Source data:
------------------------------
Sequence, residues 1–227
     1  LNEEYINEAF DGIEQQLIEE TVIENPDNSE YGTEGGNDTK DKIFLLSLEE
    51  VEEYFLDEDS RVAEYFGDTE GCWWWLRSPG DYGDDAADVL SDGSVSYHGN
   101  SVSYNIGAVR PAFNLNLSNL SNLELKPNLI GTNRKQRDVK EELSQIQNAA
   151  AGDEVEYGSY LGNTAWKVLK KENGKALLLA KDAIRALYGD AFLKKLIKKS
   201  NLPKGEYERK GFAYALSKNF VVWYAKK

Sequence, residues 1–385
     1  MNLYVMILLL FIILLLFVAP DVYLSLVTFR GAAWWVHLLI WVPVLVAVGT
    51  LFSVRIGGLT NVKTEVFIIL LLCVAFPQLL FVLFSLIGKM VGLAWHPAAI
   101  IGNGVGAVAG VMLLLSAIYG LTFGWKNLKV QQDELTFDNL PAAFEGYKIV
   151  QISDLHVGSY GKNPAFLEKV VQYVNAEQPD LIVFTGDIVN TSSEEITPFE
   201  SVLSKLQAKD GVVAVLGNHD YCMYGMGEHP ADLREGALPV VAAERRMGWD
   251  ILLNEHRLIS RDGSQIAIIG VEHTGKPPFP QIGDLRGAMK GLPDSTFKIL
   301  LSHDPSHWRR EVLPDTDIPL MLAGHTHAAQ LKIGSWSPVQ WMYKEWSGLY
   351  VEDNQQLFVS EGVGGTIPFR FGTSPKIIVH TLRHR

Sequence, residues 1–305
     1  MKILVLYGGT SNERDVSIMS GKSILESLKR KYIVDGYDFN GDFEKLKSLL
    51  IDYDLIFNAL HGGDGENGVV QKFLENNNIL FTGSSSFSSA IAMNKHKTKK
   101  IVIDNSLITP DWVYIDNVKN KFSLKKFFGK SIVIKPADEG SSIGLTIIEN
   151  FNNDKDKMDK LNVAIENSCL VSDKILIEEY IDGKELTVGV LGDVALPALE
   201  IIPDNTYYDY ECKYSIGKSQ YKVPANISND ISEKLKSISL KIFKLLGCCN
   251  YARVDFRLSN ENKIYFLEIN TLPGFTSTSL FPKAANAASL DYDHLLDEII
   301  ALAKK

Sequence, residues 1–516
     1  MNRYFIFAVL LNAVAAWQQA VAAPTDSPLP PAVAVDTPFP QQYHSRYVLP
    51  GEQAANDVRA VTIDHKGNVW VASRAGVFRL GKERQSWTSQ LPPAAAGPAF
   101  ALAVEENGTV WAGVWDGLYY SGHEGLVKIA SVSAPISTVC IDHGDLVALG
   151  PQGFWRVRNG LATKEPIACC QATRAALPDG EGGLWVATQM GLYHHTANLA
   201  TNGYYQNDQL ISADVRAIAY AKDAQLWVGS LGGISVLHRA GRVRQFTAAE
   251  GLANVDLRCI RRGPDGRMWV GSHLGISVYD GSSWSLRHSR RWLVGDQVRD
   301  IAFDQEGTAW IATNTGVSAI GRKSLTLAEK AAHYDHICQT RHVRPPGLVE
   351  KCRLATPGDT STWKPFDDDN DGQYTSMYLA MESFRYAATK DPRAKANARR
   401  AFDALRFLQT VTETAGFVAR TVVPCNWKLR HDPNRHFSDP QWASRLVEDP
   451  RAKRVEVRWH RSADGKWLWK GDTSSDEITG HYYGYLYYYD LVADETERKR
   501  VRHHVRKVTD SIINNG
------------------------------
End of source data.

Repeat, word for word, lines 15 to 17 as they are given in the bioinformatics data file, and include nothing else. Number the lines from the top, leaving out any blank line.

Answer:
   351  VEDNQQLFVS EGVGGTIPFR FGTSPKIIVH TLRHR

Sequence, residues 1–305
     1  MKILVLYGGT SNERDVSIMS GKSILESLKR KYIVDGYDFN GDFEKLKSLL